Need to find a place to live in Vancouver?

Housing--When I was considering moving to Vancouver, I emailed some students for information on housing, and this page began as a compilation of what they sent me. Thanks to Steven, Jim and Angela for their accurate advice.

First, here is a quick and dirty list of sites to visit in your search for Vancouver rental housing. Much more detailed info on Vancouver's neighbourhoods below.

  • UBC Alma Mater Society, Rentsline.
  • UBC on-campus housing info can be found here
  • UBC Housing's off-campus tips and sources
  • SFU Off-Campus Student Housing
  • The Vancouver edition of Craig's List.
  • There are other sites out there, but most of them are commercial pages that demand a login of some kind before letting you see any useful info. Some include, among others. I can't comment on the usefulness of these, but if you have any experience, then let me know.

    And for Post-Docs, visiting faculty, etc:
  • UBC Faculty Association House Listings
  • Sabbatical Homes search for UBC Vancouver
  • Sabbatix search for Vancouver

    The cost of living in Vancouver isn't that out-of-control, as long as you don't attempt to buy property. Food and other expenses are comparable to those across Canada. Unlike many other Canadian universities, there is no student housing ghetto in the immediate district; UBC is primarily a commuter campus, though in recent times that has been changing. The university administration has been involved with developing several parcels of the campus into market housing. This has done little to change the fact that UBC is located in a wonderfully tranquil and picturesque location, and that it suffers the disadvantages of such splendid isolation. Most students live off-campus, commuting in a half hour or so by bike or bus.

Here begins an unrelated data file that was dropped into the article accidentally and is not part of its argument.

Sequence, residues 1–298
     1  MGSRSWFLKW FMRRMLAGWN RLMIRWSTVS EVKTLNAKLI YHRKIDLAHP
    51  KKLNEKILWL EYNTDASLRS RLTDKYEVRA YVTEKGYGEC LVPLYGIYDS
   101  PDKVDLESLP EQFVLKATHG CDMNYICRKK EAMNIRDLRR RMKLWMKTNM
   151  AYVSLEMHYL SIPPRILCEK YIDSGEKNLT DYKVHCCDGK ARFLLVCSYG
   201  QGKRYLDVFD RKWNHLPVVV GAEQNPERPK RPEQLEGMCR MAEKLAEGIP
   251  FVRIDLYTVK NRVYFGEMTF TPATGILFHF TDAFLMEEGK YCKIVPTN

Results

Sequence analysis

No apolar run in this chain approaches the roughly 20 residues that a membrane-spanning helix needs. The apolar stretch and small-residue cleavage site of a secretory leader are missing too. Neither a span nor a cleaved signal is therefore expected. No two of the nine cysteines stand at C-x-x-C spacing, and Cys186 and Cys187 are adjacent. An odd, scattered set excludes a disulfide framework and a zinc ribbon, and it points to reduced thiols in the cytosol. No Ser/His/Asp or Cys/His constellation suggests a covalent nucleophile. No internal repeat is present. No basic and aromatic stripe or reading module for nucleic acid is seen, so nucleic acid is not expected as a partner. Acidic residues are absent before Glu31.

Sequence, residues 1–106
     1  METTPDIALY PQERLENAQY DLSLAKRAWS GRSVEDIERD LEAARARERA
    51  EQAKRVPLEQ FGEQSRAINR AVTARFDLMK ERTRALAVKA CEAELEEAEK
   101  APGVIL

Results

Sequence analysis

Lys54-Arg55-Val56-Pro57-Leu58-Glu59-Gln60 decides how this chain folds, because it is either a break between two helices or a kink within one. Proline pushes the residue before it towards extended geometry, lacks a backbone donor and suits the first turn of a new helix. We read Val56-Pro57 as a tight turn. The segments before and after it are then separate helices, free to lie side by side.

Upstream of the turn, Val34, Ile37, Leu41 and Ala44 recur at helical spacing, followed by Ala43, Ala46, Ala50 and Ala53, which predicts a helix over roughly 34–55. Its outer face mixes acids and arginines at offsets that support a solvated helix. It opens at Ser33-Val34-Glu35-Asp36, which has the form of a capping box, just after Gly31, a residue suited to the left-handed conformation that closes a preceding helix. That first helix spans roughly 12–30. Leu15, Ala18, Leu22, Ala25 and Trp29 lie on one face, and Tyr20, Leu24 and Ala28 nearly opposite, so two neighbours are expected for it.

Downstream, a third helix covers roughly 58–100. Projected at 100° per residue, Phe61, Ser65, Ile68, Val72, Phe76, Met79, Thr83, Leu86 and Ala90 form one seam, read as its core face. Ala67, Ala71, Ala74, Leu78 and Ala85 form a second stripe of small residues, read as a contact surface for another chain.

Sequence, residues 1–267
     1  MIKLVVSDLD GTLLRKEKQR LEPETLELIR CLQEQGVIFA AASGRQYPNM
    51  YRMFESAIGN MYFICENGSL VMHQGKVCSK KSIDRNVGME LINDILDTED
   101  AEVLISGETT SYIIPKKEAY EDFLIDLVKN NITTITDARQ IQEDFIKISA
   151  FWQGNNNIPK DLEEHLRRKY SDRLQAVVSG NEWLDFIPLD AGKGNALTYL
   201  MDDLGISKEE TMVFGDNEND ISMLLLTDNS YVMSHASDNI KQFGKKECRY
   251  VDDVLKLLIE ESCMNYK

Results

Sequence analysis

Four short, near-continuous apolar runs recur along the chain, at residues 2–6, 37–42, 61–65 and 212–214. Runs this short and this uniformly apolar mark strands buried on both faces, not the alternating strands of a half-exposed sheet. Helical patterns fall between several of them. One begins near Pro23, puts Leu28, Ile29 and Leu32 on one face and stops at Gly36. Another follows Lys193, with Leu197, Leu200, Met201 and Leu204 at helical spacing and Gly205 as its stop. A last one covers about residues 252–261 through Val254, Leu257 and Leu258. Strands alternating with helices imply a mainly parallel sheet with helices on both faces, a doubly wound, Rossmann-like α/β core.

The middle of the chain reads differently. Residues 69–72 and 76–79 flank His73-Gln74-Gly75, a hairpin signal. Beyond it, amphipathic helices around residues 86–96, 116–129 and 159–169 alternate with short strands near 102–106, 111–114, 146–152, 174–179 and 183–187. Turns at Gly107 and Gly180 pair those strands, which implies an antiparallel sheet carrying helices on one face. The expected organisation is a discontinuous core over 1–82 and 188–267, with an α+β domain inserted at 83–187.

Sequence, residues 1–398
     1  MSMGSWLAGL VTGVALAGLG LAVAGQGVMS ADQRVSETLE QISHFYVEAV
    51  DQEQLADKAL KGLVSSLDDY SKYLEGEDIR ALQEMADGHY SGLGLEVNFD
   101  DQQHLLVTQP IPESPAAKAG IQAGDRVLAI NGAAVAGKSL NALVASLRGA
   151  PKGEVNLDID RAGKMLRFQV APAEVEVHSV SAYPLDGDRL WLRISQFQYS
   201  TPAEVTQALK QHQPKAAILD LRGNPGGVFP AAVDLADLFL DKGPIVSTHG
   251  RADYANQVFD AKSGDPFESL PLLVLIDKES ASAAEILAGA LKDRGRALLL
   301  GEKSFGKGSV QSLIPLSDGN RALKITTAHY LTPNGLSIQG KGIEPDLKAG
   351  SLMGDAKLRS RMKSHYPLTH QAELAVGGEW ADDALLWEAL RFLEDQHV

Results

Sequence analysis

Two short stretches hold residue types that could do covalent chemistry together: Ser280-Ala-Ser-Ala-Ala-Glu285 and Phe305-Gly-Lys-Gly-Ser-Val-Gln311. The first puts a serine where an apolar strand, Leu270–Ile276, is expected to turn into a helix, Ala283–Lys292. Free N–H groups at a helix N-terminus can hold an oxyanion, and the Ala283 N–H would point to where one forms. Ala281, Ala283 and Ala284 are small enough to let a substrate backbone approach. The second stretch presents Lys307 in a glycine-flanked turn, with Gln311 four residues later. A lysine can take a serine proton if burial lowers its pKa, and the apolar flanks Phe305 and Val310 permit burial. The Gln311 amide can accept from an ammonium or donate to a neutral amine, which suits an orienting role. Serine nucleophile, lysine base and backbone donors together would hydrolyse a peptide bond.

Rents off-campus can vary tremendously. Decent basement suites, Bachelor and one-bedroom appartments within a half hour bus ride run from perhaps $1000 a month; larger apartments only get more expensive. Such places, despite comparable prices, vary considerably in quality. Be sure to visit potential sites in person and be prepared to shop around (do not underestimate the length of time you will need for this).

    The closest and prime neighbourhoods to search in are Point Grey, Kitsilano, Dunbar, Kerrisdale, Fairview Slopes, VGH (Vancouver General Hospital)/City Hall area (listed as South Cambie on the map above), and the West End (downtown). The first three border the University Endowment Lands. Many UBC students also live in peripheral, less expensive neighbourhoods still within Vancouver - Strathcona, Commercial Drive (Grandview Woodland) and Marpole. Being further away, rent is less in these areas. All the neighbourhoods mentioned are within a reasonable commute. The west side of Vancouver, where UBC is situated, is the 'better' part of town in general, so the apartment costs are higher. Prices decrease on the east side of Main Street, which basically divides Vancouver to West and East.